Question: Why didn't the people from GE Money actually phone at least one in five of their proposed lenders to check their bona fides?
Answer: Because GE Money was just as greedy for business as the little crooks from Tasman Mortgages and the big crooks from their parent company BlueChip.
One of the oldest tricks in the book is for the broker to take away a blank form and then fill in the details later. How convenient. In this case, false occupation details were used to avoid the rejection the crooked broker knew would result from inclusion of the true occupation - 'retired.'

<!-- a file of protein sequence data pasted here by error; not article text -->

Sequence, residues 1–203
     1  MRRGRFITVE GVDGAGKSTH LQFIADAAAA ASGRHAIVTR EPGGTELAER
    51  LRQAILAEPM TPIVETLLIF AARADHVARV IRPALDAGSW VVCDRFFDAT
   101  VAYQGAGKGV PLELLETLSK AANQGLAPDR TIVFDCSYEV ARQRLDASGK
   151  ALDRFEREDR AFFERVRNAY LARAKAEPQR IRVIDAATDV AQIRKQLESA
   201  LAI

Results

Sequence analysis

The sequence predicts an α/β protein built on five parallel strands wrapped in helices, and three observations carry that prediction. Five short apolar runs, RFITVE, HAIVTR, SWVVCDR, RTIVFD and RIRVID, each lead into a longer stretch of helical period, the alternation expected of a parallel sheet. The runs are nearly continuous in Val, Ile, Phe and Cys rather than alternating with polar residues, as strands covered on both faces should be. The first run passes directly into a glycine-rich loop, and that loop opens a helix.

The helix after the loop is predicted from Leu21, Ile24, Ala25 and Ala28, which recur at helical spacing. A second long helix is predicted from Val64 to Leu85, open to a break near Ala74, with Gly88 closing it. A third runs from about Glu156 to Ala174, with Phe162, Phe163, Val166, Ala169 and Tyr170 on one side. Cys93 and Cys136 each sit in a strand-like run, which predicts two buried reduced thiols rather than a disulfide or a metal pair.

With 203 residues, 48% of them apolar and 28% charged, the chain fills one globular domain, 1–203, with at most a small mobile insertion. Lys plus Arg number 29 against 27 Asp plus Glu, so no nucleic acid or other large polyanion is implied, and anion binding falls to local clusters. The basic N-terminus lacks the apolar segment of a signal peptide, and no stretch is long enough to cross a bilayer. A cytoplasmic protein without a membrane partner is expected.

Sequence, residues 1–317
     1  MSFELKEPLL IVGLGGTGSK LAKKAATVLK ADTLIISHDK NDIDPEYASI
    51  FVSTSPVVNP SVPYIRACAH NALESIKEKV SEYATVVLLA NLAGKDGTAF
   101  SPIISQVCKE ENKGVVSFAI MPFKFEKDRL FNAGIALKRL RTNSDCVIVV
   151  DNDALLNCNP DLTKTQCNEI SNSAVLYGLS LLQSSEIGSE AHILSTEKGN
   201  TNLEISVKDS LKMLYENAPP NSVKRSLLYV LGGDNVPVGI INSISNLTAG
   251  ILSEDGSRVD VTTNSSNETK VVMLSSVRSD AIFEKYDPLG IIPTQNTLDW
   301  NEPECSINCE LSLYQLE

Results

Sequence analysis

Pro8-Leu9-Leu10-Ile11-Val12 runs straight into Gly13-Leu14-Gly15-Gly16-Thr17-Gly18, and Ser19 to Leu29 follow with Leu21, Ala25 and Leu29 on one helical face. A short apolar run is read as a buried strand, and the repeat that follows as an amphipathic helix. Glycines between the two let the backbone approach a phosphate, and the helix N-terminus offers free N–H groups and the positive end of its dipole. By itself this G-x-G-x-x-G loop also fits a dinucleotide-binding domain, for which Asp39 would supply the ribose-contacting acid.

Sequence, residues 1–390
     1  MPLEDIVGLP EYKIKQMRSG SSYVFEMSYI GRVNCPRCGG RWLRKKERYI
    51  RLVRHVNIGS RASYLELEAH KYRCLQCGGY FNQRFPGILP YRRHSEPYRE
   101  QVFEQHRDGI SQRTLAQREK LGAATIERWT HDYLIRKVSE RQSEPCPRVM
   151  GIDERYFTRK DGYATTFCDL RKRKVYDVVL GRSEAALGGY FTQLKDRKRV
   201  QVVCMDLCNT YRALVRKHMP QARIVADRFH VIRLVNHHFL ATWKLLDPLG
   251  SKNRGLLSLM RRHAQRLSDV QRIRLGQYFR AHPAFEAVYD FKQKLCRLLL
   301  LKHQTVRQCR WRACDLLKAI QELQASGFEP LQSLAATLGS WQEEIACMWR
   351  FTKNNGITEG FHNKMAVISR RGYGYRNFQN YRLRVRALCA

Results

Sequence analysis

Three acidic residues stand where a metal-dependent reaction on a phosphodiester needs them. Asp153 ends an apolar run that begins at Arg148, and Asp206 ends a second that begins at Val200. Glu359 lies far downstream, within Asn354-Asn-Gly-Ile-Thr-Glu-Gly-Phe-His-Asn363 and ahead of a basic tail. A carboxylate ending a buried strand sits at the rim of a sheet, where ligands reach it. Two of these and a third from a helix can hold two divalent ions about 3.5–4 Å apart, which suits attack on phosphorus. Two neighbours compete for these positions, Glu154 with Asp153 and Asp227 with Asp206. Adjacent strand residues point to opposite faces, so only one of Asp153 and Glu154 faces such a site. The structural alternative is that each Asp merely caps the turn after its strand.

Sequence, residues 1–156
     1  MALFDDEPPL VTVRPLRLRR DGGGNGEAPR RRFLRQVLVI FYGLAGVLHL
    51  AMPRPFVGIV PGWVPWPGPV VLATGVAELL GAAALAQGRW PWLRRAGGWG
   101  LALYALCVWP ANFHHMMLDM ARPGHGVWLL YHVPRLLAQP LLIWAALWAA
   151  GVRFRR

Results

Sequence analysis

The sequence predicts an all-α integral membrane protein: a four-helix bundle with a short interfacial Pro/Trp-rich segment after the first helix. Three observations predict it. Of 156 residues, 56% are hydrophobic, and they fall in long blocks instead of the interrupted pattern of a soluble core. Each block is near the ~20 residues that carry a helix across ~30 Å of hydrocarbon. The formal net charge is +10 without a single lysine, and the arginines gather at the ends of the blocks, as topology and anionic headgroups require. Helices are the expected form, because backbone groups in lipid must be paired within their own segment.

Adolf has first hand knowledge of a few other little tricks used by the little crooks at Tasman. He overheard one day the chief little crook instructing the new chum little crook on the manner in which the forms should be completed.
"Don't ever say they have two cars, even if they have two or more. That will reduce the amount you can get approved. Always fill in 'one car.'
In the life insurance industry, where a broker fills out an application in his own writing (and sometimes there are genuine reasons why this is done***) responsible insurers send a copy of the completed application to the client with a verification request before any policy is issued. You see, legally, the application form, along with the policy document, comprises the contract between the parties.
*** You'd be surprised how many wealthy young farmers are extremely dyslexic or in fact almost unable to write anything other than their names.
Miniature socialist weasels?
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